Karina Inkster: Well, one of the points that you had on our kind of, you know, a roster of ideas was the impact that eating vegan, either just your dog or along with your dog, can cause. So, I mean, are these kinds of environmental and emissions issues? I'm sure there's more in this category as well.


Laura Simonson: Good question. And you know, it's interesting cause that's what we're setting up for next year is what is our message? Because it's so important. There's a lot of noise out there, obviously. How do we get through our message? And for me, I've always felt so happy when I'm doing it with my dog. And I know that as I hear other stories of people that are, you know, customers and are sharing how good it feels for them.


So there’s a few things. So what we're looking at in Veganuary is having like those impact stories: me and my dog. Here's the impact that we can have if we eat less meat. Here's the impact if we eat no meat. And you know, those sort of stories so we can show, based on what we do see as studies so far, is to take as much of that information and say, well, here's what it could be. There's a difference you could be making for the climate. Here's the difference obviously you could be making because less animals are being killed.


And then the other is what you just said. There's something really deep. It's a lot deeper than just what we see, which is health. You know, it's excellent, wonderful, cuz we are getting healthier. There's nothing better than that. If your children are healthier because of eating great plant-based foods and then if your dogs are healthy, you don't have the vets, the fear, all of those things, cause the dogs can't tell you what's wrong. That's even tougher. And so those are really important and valid. But we always tend to look on the outside of things. But what about those inside things? And those inside things are the power of not having anything on your plate or in your dog's bowl that has contributed to violence or anger or death in any way.


There's something very powerful, and it's up to every person individually will have their own, maybe spiritual feeling about that, maybe their own emotional wellness about that. But it certainly has made a difference in my life. Because if that's not in my home or it's not in the dog's bowl, it feels so, it's aligned with my values and my soul and my heart. And that to me, we underestimate. I believe that's what keeps our world in its foundation that it is; that we aren't going crazy over what's occurring or that it's not worse than it is. I think that there's a human force and there's a bond that we share with nature and with animals that keep this power of love and kindness and respect and compassion. That's what fuels our world every day.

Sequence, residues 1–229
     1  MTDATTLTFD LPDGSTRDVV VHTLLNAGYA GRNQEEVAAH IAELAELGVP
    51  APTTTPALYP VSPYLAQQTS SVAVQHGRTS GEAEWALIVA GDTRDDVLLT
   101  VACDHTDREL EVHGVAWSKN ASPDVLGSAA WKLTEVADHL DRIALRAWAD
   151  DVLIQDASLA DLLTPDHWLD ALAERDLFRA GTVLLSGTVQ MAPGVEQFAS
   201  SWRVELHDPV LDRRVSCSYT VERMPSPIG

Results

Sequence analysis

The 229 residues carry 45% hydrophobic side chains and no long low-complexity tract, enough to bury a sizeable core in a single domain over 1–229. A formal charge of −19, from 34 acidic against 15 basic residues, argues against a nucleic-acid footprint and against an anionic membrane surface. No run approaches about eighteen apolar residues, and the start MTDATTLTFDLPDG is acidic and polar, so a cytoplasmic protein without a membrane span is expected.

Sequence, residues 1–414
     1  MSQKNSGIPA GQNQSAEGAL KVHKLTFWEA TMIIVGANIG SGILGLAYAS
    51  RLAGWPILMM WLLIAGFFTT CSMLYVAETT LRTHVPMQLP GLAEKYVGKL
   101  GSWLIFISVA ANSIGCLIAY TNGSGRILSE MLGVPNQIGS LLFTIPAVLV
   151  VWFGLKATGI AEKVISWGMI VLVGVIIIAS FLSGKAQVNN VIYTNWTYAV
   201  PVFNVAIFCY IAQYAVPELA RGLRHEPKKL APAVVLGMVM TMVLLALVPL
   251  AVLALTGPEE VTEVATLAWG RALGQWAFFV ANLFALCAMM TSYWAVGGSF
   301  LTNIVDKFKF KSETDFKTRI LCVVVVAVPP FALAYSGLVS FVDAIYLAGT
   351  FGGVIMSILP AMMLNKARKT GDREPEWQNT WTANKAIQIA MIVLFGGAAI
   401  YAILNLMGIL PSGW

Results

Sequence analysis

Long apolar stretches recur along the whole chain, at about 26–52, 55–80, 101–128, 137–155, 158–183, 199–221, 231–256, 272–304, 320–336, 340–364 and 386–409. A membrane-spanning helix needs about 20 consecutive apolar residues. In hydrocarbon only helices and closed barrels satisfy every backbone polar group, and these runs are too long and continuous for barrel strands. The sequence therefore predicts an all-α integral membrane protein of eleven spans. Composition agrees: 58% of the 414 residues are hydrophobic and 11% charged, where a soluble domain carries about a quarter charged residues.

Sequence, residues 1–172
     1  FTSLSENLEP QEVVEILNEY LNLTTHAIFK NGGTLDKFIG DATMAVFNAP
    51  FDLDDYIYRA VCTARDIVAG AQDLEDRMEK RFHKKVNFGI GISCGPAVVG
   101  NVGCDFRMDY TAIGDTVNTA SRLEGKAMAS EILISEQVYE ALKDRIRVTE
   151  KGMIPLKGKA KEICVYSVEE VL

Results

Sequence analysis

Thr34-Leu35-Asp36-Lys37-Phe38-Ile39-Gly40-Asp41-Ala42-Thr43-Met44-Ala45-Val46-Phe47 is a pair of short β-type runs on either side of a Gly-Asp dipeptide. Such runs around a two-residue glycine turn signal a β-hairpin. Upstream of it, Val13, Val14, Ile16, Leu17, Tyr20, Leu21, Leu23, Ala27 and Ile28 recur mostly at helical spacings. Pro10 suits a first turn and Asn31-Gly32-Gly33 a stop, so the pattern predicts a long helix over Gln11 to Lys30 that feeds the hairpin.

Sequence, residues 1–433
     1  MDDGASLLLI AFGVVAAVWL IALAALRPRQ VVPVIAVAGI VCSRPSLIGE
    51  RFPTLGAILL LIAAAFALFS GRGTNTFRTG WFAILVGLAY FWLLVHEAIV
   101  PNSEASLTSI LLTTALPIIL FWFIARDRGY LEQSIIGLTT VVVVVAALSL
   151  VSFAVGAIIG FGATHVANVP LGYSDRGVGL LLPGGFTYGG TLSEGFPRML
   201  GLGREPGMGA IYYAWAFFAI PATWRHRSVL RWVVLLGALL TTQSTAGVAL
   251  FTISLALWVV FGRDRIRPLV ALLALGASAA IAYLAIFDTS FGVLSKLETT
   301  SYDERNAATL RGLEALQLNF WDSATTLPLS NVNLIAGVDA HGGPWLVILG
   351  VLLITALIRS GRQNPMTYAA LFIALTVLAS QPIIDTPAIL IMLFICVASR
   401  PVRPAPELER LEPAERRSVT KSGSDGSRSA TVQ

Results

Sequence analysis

It's not the news. It's not CNN. It's not Fox news. It's not CBC. It's us. It's our lives. And we forget how deep and important it is. It's powerful, but we don't know how to talk about it cuz it's intangible almost, right? And so to me, that's where the depth of what we're doing comes from. What I've been doing my entire life is working towards that, finding that alignment in everything that I do, everything that I say. So it's so important for me. I asked the question, our mission and our vision of the statement would be: what’s the right thing to do? And I think that if we all ask ourselves that question, there's no question that the answer I think would be, well, we shouldn't kill. Well, we shouldn’t. No. I think that would be an automatic answer. What's the right thing to do, right? So it's just having that as a barometer if you will. I use that all the time. What's the right thing to do in this situation? And always, we would know, or we would change I think. We would change a lot if we just sat and asked ourselves those questions more often.


Karina Inkster: That is pretty powerful. I think a lot of people inherently know what is the right option, what is in line with their values, but then they have barriers to those things. And one of which might be well, dogs are carnivores, which we know is a myth. But do you kind of find that? That there are folks out there who they know deep down this is what they wanna do, whether it's vegan food for their dog, whether it's making the transition to veganism themselves, but then there's all these external, not really barriers, but concepts or myths that are keeping them from doing it?


Laura Simonson: The belief systems are exactly the same trajectory as a human. You know, as in, when we go, oh, well we should eat meat, we shouldn't eat meat, culturally it's tradition, we have to have turkey. All of those things that we're dealing with this time of year are one of the tougher ones for us, as vegetarians, vegans to watch. And to see that, you know, these belief systems, which obviously become myths, right? I love the song superstition because to me, it’s superstition and because it's not true fact. It's superstition and beliefs that do stop us from making these choices. It used to be when I first started this Karina, it would've been a while ago when I would've seen you here more often in the Vancouver vegan culture, there'd be a lot of pushback. Oh, dogs, you know, that's just crazy. Not now. It's less. It's significant.


Karina Inkster: Wow. That's even in just a couple of years. I mean, haven't been away from Vancouver that long - three years, maybe. So even that has made a difference, hey?